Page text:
WASHINGTON — A system designed to get wounded troops out of the military and on disability compensation more quickly has failed recently to meet its efficiency goals, delaying service members’ release sometimes more than a year, documents show.

The lag has caused some of the troops to turn down job offers or postpone college because they don’t know when they will be discharged from the military.

The system is called the Integrated Disability Evaluation System. It started as a pilot in 2007, but has since been rolled out to READ MORE »

APRIL UNEMPLOYMENT DATA IS MIXED NEWS FOR VETS

The employment picture for veterans improved in April — a sign that efforts to encourage employers to hire veterans may be working — but jobs seem to remain elusive for young, male combat veterans.

Overall, the nation’s unemployment rate for April was 9 percent, up from 8.8 percent in March, according to a Friday report from the Labor Department’s Bureau of Labor Statistics. About 13.7 million Americans were unemployed, roughly the same number as in March despite the addition of 244,000 jobs in the retail, hospitality, professional and business services, and health care industries. READ MORE »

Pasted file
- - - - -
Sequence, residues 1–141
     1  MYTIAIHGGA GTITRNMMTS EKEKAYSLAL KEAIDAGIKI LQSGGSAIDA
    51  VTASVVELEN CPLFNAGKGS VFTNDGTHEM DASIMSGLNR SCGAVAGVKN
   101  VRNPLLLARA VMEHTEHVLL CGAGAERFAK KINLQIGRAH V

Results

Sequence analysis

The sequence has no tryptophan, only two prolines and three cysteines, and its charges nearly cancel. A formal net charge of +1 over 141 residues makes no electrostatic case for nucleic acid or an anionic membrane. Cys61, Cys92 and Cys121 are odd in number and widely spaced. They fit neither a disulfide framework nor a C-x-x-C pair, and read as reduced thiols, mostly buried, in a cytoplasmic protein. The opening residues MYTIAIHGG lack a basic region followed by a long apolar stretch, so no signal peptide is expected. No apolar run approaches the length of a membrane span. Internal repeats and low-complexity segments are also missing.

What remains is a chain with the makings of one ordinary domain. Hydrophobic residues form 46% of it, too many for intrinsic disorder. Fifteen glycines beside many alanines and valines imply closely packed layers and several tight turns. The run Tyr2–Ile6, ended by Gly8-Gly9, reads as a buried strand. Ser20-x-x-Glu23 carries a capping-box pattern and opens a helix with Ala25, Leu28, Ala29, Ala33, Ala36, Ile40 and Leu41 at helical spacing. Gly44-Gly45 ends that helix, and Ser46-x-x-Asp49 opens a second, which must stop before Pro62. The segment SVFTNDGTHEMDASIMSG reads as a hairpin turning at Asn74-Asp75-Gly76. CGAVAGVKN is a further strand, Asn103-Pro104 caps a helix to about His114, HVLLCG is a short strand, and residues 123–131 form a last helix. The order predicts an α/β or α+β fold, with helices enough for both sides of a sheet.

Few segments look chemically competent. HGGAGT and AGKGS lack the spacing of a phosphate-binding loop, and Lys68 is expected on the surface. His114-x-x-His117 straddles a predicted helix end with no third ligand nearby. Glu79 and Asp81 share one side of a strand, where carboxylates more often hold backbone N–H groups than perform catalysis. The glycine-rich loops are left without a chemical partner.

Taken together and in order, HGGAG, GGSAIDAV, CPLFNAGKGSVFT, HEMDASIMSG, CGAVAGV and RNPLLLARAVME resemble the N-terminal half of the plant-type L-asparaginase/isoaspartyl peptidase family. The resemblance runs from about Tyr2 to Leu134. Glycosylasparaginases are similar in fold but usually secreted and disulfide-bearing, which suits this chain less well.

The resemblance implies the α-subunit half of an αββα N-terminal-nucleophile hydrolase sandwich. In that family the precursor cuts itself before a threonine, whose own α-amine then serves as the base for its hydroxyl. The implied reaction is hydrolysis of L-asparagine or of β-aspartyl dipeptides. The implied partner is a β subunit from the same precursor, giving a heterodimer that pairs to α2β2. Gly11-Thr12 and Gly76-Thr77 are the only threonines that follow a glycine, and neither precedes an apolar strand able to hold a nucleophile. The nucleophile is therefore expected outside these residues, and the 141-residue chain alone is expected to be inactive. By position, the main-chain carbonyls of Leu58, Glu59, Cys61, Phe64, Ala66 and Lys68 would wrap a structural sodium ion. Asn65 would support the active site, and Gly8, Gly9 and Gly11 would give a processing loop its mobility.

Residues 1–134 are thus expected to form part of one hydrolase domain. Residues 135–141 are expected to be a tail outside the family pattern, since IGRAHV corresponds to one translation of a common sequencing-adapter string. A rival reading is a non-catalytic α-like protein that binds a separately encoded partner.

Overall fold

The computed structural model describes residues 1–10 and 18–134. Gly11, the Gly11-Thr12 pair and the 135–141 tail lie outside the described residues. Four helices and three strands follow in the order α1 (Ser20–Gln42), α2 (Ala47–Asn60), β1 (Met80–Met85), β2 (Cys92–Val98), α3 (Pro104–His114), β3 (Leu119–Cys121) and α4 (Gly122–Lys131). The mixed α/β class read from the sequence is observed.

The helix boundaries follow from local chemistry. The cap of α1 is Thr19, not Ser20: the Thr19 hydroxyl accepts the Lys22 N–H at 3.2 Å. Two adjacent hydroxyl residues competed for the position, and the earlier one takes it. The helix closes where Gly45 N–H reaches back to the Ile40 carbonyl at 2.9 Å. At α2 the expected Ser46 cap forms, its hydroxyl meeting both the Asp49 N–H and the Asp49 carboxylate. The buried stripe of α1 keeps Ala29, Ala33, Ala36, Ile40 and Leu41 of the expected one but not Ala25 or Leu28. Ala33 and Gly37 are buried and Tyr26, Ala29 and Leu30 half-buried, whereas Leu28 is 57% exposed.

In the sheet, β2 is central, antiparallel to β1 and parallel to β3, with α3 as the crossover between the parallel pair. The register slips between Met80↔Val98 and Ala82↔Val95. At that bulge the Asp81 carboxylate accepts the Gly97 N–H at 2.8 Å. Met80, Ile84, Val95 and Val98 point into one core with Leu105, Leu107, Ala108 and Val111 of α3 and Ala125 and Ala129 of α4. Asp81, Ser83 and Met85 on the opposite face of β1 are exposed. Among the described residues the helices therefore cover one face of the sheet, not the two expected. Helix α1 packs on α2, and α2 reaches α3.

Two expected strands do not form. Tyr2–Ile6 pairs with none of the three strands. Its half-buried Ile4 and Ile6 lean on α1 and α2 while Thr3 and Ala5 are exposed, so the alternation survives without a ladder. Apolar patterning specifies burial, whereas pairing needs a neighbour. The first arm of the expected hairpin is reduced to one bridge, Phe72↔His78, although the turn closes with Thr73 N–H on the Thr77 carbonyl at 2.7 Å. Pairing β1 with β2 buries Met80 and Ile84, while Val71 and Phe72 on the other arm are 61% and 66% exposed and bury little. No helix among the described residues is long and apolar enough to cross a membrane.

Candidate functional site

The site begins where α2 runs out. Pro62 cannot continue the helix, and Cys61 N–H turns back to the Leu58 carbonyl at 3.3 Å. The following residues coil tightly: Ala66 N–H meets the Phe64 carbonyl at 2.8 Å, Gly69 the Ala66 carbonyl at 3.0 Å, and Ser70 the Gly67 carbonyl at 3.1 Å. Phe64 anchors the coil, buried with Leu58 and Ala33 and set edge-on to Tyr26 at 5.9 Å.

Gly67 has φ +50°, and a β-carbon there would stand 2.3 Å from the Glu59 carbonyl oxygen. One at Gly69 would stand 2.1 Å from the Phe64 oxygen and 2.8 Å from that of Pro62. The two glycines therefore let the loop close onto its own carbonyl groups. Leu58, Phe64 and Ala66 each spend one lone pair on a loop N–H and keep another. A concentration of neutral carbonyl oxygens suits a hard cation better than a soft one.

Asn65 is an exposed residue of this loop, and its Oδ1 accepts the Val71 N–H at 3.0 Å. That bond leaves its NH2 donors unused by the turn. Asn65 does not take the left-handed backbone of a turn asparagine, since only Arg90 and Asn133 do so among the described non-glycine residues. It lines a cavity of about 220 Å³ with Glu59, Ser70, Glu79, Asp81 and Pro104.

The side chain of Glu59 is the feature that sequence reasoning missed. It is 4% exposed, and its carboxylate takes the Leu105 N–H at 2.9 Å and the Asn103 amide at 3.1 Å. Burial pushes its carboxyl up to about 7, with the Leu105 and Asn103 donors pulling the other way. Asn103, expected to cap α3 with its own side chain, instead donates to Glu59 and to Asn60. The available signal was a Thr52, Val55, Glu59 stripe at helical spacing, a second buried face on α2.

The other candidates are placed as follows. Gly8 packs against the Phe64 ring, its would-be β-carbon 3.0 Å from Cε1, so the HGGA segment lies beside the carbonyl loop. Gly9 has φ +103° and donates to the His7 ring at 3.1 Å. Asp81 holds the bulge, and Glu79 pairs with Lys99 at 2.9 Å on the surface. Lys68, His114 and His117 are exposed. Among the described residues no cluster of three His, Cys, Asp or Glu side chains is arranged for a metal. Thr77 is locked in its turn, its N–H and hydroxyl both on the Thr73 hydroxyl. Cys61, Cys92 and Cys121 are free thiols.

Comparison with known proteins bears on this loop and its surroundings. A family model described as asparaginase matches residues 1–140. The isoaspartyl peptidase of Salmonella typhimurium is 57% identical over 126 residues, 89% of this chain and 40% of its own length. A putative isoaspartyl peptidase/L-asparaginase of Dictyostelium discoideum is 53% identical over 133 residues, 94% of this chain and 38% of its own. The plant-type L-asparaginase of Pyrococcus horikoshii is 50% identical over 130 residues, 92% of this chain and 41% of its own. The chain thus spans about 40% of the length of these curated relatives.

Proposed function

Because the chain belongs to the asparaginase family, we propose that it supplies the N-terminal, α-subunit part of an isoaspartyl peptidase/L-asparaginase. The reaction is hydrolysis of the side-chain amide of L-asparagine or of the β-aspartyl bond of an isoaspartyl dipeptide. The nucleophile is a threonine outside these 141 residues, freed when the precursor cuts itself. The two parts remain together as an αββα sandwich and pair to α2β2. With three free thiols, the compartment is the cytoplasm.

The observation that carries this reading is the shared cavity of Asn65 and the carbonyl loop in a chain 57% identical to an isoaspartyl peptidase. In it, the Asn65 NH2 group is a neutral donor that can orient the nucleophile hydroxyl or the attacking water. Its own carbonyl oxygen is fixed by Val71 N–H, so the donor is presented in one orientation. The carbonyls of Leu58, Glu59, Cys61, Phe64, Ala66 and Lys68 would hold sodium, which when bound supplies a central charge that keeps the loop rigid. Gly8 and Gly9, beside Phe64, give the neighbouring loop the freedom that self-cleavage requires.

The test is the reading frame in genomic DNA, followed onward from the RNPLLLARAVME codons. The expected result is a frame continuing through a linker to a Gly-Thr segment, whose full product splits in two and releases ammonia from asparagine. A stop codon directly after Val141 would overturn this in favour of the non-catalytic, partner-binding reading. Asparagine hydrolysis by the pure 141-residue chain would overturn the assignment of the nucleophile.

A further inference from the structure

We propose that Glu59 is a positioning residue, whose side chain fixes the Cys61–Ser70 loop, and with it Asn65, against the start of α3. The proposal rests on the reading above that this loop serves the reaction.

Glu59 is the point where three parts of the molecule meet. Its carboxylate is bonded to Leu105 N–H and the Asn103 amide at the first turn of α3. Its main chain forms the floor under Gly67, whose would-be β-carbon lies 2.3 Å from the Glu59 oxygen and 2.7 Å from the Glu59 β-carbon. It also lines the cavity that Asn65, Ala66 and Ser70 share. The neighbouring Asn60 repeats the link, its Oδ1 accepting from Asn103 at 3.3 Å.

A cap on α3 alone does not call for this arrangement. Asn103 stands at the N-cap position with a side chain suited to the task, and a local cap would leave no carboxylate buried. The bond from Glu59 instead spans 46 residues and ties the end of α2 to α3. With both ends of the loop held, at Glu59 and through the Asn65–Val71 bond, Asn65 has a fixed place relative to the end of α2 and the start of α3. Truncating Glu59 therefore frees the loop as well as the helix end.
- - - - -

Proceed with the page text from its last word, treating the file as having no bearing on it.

FEMALE SOLDIERS SAY THEY’RE UP FOR BATTLE

COMBAT OUTPOST RAHMAN KHEYL, Afghanistan — Pfc. Tasha Conger and Pfc. Tanya Redinbaugh hope their service will seem typical someday. For now, they’re part of a tiny minority of female soldiers living at front-line combat positions.

That could change if a national commission gets its way. The commission told Congress last month that if a woman can show she’s qualified, she ought to be allowed to take any military job.

The two women believe the change will come in time. “I don’t know that there will be any hurry,” Redinbaugh said. “It definitely needs to be done right.” Conger and Redinbaugh are READ MORE »

WAR AT HOME: FIGHTING FOR EMPLOYMENT

In the military, Eric Smith led a four-man ICU team, performing procedures that only the most experienced civilian nurses were trained to perform, but more than three years after leaving the Marines he hasn’t even been able to get a job “changing bed pans.”